Daily Management Review

Survey Finds Travellers Care Deeply About Sustainability But Willingness To Pay More Varies


Survey Finds Travellers Care Deeply About Sustainability But Willingness To Pay More Varies
One of the silver lining outcomes of the Covid-q9 pandemic for the tourism sector is an increased commitment from travellers towards “sustainable” travel, finds a new survey.
However the hopes for a “green” recovery may have been overblown with travel prospects being lifted because of Clovid-19 vaccine roll outs.
With people trying to mitigate the negative effects of tourism by avoiding damaging practices or by offsetting them, there has been a growth in popularity of sustainable travel. And the Covid-19 pandemic has seemingly accelerated that trend.
A recent survey by travel company Virtuoso found that four in five people (82%) conceded that the pandemic has made their intentions more strong to travel responsibly in the near future while almost three-quarters (72%) believed that travel should support local communities and economies as well as preserve the cultural heritage of destinations and conserve the conserve the planet.
It will cost more to travel in a sustainable manner and to reduce carbon footprint.
Sustainable travel was somewhat or very important to them, said a similar majority (83%) of travellers who participated in a separate study by travel site The Vacationer. Despite this, almost half (48%) of the participants would chose to take such sustainable trips only if it did not cause any inconvenience to them.
And convenience is not the only limitation.
The primary consideration for most travellers (62%) was costs of such a tour planning for a holiday, found the study from The Vacationer. On the other hand, the consideration for sustainability and carbon footprint at the time of planning a travel holiday was most important for only 4% of the travellers.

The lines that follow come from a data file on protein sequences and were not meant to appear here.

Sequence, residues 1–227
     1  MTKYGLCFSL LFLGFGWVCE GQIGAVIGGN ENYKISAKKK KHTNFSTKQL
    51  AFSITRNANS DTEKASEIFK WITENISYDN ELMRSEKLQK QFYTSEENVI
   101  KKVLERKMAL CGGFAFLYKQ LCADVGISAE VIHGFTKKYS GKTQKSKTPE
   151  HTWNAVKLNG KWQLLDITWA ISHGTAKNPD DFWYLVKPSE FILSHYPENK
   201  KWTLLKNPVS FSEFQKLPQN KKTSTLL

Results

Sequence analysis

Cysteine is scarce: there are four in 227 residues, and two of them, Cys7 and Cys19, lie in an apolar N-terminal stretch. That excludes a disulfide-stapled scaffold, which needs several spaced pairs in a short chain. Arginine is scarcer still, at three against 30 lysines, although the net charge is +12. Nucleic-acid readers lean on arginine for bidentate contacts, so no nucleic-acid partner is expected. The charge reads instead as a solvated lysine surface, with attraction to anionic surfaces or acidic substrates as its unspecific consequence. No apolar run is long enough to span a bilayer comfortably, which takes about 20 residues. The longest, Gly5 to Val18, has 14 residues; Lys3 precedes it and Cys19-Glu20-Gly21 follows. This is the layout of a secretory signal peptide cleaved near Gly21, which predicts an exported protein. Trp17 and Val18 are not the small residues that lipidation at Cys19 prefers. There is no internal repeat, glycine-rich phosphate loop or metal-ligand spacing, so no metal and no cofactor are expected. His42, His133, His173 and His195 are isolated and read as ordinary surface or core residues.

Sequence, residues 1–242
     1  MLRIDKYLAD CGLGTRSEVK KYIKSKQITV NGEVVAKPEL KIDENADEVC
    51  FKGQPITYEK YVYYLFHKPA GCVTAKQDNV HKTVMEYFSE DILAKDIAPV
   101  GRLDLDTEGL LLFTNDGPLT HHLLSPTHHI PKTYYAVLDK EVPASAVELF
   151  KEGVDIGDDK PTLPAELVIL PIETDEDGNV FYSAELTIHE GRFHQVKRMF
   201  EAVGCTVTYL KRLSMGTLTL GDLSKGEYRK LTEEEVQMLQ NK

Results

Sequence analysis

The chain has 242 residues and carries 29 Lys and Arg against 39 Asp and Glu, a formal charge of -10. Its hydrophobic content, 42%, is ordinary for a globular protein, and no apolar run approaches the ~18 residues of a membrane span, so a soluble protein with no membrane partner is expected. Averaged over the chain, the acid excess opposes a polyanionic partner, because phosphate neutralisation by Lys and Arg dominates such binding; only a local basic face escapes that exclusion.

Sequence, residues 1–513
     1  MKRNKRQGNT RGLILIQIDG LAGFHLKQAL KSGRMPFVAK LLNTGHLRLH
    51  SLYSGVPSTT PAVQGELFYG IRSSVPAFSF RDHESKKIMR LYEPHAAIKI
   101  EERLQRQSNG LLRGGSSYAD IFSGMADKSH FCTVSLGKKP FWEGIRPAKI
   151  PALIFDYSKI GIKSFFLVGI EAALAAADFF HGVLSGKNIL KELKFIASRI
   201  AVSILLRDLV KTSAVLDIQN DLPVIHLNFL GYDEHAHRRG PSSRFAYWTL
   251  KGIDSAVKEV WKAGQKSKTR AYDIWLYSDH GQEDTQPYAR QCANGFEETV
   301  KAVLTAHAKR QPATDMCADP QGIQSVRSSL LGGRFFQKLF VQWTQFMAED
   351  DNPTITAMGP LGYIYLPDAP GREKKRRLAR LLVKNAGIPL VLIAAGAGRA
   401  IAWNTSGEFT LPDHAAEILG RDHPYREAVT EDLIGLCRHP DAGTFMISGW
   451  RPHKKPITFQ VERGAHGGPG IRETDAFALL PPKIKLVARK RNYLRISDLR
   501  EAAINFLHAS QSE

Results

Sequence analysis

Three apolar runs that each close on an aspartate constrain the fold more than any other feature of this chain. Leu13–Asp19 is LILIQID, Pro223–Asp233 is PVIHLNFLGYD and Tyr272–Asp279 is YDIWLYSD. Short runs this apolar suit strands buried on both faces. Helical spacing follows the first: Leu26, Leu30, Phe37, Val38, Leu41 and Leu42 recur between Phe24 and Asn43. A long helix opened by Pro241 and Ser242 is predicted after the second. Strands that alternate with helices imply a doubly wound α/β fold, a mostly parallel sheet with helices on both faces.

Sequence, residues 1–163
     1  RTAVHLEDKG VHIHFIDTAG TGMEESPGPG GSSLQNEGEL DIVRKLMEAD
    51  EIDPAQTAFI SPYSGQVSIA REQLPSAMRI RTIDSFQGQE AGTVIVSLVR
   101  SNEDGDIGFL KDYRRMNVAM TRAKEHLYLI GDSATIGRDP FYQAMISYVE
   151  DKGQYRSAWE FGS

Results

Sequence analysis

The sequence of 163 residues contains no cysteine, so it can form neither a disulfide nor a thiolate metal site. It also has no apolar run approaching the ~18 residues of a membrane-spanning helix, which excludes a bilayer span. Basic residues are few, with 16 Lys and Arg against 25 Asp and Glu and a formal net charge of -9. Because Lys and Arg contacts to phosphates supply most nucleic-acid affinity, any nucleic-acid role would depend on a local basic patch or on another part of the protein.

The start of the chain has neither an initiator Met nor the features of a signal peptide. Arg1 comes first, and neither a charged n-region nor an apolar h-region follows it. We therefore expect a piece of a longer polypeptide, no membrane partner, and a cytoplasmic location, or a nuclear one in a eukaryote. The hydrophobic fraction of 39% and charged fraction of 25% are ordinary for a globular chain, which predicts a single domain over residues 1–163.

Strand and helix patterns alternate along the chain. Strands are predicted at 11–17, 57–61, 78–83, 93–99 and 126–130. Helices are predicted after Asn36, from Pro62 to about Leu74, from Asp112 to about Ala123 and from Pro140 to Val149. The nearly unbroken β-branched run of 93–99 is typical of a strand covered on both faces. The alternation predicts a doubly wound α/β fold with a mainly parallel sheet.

Even though the study found that seven in 10 (71%) of the travellers were willing to pay more to lower their carbon footprint, the extent of money that they would agree to over pay varied greatly.
The study found that slightly more than a quarter (27%) of the respondents would be willing to pay less than $50 to reduce carbon emissions while one-third (33%) were willing to cough up $50 to $250 more for reducing their carbon footprint. Those who were willing to pay more than $500 were only 3% while 29% were unwilling to pay anything extra.
That for the travel industry is the major issue. For example, for a trip from New York to Rome, an individual would have to pay an additional $69 for offseting the carbon emissions for the flight alone.
Therefore, according to Dr. Srikanth Beldona, a professor at the University of Delaware, these types of costs would make mass adoption of sustainable travel on the consumer side unlikely.
“Sustainable travel will have to cost more if it must reduce its carbon footprint, and there are signs that a niche market for this can emerge,” he said, calling instead for a “universal solution” that combines the efforts of businesses and regulators.